This past August 24, I had the opportunity to travel to Nogales, Sonora, with the Tucson, Arizona-based Watershed Management Group (WMG). I’ve been a WMG volunteer for five years, and I also send them some monetary love via the monthly donation program.
The occasion was a fiesta on the campus of Instituto Technológico de Nogales (ITN). This school is the Mexican equivalent of an American community college, and its focus is on technology.
According the WMG, “Campus projects demonstrate the capture and utilization of stormwater onsite to reduce flooding issues, improve stormwater quality, beautify the campus, and engage students from a variety of disciplines. Faculty and students from ITN have been central to developing water harvesting system plans and designs and implementing systems through hands-on workshops.”
What was the fiesta all about? Celebrating the completion of the first round of projects. Since ITN is an educational institution, learning opportunities were part of the festivities. Like measuring the amount of water that’s being stored in the cistern…
Crucial to the completion of class exercises are numerous discussions…
One of the best water harvesting construction tools is the low-tech bunyip. It consists of two poles with ruler markings and a clear plastic tube filled with water.
Bunyips are used in figuring the slope between two points. If you have too much slope, water will rush downhill, possibly causing erosion.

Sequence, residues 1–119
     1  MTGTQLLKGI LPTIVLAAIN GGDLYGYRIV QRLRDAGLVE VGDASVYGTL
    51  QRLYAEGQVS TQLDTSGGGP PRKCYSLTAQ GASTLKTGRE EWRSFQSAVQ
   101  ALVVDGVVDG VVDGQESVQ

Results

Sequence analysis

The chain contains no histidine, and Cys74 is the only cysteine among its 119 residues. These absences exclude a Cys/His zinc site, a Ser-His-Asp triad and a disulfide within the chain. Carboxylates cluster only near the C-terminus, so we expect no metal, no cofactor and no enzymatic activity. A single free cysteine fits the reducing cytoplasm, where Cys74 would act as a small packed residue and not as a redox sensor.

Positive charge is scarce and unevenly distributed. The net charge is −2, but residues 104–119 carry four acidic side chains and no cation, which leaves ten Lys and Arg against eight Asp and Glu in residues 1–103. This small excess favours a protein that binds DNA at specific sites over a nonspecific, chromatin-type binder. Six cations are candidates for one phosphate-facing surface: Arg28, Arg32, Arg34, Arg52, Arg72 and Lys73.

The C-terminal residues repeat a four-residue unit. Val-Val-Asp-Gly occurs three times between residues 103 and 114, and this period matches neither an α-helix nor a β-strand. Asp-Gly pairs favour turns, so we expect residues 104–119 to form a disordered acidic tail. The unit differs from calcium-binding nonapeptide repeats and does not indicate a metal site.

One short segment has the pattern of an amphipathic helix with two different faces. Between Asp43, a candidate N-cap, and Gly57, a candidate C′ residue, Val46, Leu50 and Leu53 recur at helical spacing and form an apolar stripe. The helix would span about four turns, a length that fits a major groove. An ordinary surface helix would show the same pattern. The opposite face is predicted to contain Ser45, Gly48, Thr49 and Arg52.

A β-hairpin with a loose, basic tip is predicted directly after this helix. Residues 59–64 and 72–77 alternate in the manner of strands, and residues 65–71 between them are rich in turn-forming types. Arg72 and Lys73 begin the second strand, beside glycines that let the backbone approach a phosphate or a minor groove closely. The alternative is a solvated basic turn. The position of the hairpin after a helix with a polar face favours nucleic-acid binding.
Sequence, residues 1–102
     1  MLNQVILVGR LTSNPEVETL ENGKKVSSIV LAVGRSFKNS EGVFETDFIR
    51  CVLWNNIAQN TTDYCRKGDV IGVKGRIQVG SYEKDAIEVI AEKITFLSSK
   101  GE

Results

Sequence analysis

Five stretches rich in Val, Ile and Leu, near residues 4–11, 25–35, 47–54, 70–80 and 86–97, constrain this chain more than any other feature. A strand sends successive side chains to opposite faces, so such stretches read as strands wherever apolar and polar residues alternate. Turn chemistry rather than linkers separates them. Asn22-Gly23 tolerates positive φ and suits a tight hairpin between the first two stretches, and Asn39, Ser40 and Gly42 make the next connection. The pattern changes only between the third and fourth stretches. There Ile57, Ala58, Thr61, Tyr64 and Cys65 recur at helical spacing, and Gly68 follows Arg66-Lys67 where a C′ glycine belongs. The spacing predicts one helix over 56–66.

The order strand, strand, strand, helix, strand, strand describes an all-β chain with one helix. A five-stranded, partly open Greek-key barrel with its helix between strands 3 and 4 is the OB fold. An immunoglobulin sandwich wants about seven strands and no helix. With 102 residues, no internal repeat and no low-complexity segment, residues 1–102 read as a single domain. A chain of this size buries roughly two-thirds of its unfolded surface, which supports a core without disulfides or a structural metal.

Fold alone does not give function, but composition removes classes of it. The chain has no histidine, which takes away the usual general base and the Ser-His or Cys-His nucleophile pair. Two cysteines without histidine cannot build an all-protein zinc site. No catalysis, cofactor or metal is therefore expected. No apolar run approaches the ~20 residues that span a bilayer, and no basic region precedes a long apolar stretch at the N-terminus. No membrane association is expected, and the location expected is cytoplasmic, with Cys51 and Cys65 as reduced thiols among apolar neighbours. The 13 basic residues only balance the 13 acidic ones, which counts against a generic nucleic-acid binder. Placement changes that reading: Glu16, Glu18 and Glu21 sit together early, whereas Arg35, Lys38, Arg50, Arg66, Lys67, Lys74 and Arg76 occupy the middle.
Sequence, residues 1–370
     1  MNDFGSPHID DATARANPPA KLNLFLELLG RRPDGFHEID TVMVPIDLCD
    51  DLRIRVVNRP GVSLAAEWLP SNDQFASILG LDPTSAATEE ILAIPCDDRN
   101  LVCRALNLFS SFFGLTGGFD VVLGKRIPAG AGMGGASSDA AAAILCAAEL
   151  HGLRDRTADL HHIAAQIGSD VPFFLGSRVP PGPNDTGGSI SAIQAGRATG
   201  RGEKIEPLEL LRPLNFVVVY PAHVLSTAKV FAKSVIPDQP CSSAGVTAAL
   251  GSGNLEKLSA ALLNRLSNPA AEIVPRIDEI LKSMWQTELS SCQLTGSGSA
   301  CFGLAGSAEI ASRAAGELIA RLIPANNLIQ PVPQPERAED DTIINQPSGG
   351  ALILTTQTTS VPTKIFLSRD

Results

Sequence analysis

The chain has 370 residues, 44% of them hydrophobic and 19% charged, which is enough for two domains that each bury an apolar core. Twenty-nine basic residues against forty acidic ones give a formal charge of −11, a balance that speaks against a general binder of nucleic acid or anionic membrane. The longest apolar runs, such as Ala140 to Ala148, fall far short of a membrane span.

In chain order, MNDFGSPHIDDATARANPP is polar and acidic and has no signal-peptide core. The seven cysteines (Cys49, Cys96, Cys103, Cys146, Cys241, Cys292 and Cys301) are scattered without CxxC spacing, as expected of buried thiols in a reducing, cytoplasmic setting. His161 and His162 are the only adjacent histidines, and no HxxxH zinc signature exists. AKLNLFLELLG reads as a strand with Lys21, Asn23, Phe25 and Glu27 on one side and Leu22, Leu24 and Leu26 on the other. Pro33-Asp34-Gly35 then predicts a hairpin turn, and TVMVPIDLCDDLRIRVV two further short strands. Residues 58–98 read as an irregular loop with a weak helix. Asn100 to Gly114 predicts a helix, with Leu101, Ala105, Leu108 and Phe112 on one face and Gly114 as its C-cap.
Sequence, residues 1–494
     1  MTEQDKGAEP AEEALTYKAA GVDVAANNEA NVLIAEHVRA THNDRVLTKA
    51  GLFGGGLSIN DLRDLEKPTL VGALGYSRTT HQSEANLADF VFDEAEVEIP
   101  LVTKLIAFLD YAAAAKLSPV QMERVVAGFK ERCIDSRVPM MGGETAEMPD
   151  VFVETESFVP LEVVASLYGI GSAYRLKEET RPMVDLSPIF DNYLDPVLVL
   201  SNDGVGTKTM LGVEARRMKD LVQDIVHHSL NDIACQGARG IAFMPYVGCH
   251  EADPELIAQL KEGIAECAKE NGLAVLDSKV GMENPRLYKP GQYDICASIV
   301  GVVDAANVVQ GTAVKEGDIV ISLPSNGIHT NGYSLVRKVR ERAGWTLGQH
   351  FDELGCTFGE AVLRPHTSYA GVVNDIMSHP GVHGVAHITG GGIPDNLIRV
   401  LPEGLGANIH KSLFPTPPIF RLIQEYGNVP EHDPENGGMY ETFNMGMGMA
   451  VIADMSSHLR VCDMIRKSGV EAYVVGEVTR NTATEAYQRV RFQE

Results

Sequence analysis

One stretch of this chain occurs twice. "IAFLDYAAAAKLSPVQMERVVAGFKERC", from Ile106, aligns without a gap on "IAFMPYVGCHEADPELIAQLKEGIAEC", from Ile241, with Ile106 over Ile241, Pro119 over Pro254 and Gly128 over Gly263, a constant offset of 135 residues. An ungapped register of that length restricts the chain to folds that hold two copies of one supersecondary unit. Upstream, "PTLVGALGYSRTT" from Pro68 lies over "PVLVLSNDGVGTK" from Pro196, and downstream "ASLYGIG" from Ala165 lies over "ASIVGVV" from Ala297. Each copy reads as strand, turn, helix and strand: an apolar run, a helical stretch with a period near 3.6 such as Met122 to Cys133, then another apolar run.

Slope too shallow? You have a water pooling problem. That can create a breeding ground for mosquitoes carrying West Nile Virus and other deadly diseases that occur in Sonora and Arizona.
Here the students are using a bunyip to measure the slope of a water harvesting basin next to an ITN classroom building…
After the measurements are done, it’s time to perform the calculations required by the class exercise…
Although I’ve been an event photographer for many years, this was my first photo shoot in Mexico.
How was covering this fiesta different than an American event? Well, when you’re running the camera here in the United States, you’re supposed to be like the proverbial fly on the wall. You act as unobtrusive as possible.
Not in Mexico.
You, the event photographer, are expected to share business cards — and lots of them.
Tip: You can never have enough business cards in Latin America. You’ll quickly acquire quite the business card collection, courtesy of your hosts.
You’re also expected to greet people enthusiastically — in Spanish. Be sure to engage in lots of chatting and hugs. With plenty of smiles.
So much for being unobtrusive.
Did I mention that the paparazzi style of picture-taking aggression attracts attention in Mexico?
Word to the wise: Tone it down. It’s best to mellow out and click the camera like it’s a quiet little friend that just happens to be with you.
Although I don’t usually talk about camera gear on this blog, indulge me for a moment. I shot this fiesta with my old Nikon D40. After I purchased the camera I now use, I donated the D40 to the Watershed Management Group.
Working with my former camera was like catching up with an old friend. I turned pro with it! I’m glad it’s found such a wonderful second life with the WMG.